(Reuters) - Below are key quotes from an appearance by Bank of Canada Governor Mark Carney and Senior Deputy Governor Tiff Macklem:
"There are a variety of factors that drive our currency. Yes, it's the terms of trade. But it's also our better fiscal position, monetary policy credibility, we're a safe haven, the strength of our banking sector. And it has to be said as well, there has been in recent years an understandable generalized weakness in the U.S. dollar and a diversification of currencies internationally out of the U.S. dollar, out of euro. There are relatively few other places to go."
"...That we focus on the things which we can control, which is the trade agenda, making the country more productive ... In that regard, a strong exchange rate is to our advantage, because we import most of our machinery, equipment and ICT (information and communications technology).
"In only rare occasions do an increase in commodity prices not benefit the Canadian economy ... (the) U.S. is not pricing commodities these days, Asia is pricing commodities if you had to pick a region. Our economy is less oriented to Asia. An increase in commodity prices, to put a rough figure on it, that's driven by the U.S. is about 3 times as positive for Canada as one driven by Asia. But an increase in commodity prices driven by Asia is still materially positive for the Canadian economy, despite the fact it also encourages, all things being equal, a rise in our exchange rate."
"What we can do, and we released a statement, we signed a statement, the minister of finance and I this morning, of the G7, which reaffirmed the commitment of the G7 to ensure that monetary policy is focused on domestic objectives, not on targeting exchange rates. And we hold the members of the G7 to that long-standing position."
"It is extremely important, it's important that we as a G7 go in united and forcefully to the G20 to enlarge that commitment as quickly as possible amongst the major emerging economies, some of whom entirely ascribe to flexible exchange rates and are supportive, others who have a lot of work to do in this regard. Because in part it's a dysfunctionality of the international monetary system that causes that."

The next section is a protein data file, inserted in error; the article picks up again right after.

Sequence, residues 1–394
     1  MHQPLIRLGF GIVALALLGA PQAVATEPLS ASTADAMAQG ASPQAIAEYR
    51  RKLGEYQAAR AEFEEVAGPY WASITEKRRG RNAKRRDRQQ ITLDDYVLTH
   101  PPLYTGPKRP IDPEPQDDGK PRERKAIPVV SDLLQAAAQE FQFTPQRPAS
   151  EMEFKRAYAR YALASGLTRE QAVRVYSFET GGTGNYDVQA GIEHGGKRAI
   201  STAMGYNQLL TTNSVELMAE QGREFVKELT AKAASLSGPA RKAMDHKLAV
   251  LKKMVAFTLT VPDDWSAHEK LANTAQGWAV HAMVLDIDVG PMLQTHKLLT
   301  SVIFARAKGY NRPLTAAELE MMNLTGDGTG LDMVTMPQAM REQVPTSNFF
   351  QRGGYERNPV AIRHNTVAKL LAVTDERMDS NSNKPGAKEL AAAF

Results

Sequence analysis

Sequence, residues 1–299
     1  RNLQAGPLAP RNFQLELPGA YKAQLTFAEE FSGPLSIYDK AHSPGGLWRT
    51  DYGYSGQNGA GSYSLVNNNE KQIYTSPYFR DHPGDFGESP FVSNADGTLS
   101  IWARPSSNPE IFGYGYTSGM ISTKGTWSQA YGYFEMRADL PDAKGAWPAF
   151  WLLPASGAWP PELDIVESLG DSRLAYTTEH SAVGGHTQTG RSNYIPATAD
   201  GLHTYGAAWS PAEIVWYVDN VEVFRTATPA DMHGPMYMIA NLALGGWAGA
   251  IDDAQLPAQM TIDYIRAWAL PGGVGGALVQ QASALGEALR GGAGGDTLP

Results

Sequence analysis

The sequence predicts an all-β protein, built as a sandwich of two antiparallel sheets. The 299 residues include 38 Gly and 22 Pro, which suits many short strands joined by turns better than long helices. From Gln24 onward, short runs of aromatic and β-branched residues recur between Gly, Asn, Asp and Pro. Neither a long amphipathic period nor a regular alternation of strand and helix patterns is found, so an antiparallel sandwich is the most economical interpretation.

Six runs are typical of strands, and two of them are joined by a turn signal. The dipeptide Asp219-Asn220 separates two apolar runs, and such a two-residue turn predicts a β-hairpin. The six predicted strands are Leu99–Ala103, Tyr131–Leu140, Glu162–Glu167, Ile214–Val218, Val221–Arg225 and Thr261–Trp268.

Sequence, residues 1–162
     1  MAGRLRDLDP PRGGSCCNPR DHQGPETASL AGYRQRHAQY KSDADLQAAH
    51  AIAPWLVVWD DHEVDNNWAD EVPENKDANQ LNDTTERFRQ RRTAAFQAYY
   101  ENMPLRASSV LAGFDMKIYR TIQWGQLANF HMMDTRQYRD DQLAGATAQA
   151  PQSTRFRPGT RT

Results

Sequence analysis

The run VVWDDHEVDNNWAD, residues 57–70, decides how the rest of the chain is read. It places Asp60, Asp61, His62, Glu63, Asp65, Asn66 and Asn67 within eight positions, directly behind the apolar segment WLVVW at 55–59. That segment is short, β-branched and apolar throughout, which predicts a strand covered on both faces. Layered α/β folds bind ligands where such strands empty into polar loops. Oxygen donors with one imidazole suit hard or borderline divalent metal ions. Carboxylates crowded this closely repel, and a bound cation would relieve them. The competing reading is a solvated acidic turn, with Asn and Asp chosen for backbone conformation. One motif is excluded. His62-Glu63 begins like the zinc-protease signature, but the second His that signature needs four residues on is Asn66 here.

"Our sense of surveys of businesses, is that they continue to intend to hire. So it's still a positive outlook for employment as a whole. That said, we have just under 20 percent of our unemployed who are long term unemployed. And the unemployment rate, while 'only 7 percent' relative to other economies, is still higher than we need. So the issue is one of mismatch, and you see it most directly in the skilled trades in Alberta."
"This is ultimately an issue of pipeline and refining capacity. It is not our view ... that this is an issue of deficient U.S. demand."
"We expect the household debt (to income) ratio to stabilize around current levels. So it's a reasonable prospect that this year and in the coming quarters actually we will see a stabilization of the household debt ratio. And obviously we're watching this very closely, you're watching this closely. And this is one of the reasons why we see a more, quote, constructive evolution of the imbalances in the household sector and have adjusted our guidance on interest rates."
CARNEY ON PROGRESS IN REDUCING GLOBAL TAIL RISKS TO ECONOMY:
"There have been some very large so-called tail risks in the global economy. The risks around the euro, the risks around the fiscal cliff, which you mentioned. There has been substantial progress in reducing those tail risks. So even though we now expect the European recession to last longer, Europe is in a better place today than they were in October."
"Even though U.S. growth has been marked down and it may actually be lower than we expect depending on the outcome of the current budget negotiations, debt ceiling negotiations in the U.S., the quality of U.S. growth is better, because what's supporting U.S. growth right now is better quality activity in the household sector, in the housing market, the start on corporate investments. The sustainability of the position is better and so over the medium term, this augurs well for Canada."
"The shortfall is two-fold through 2012. Growth was less than anticipated, we think it's coming in under 2 percent. Also, GDP inflation was lower as well, so nominal GDP growth was materially less."
Reporting by Louise Egan, Randall Palmer and David Ljunggren in Ottawa, and Claire Sibonney and Solarina Ho in Toronto; Editing by Jeffrey Hodgson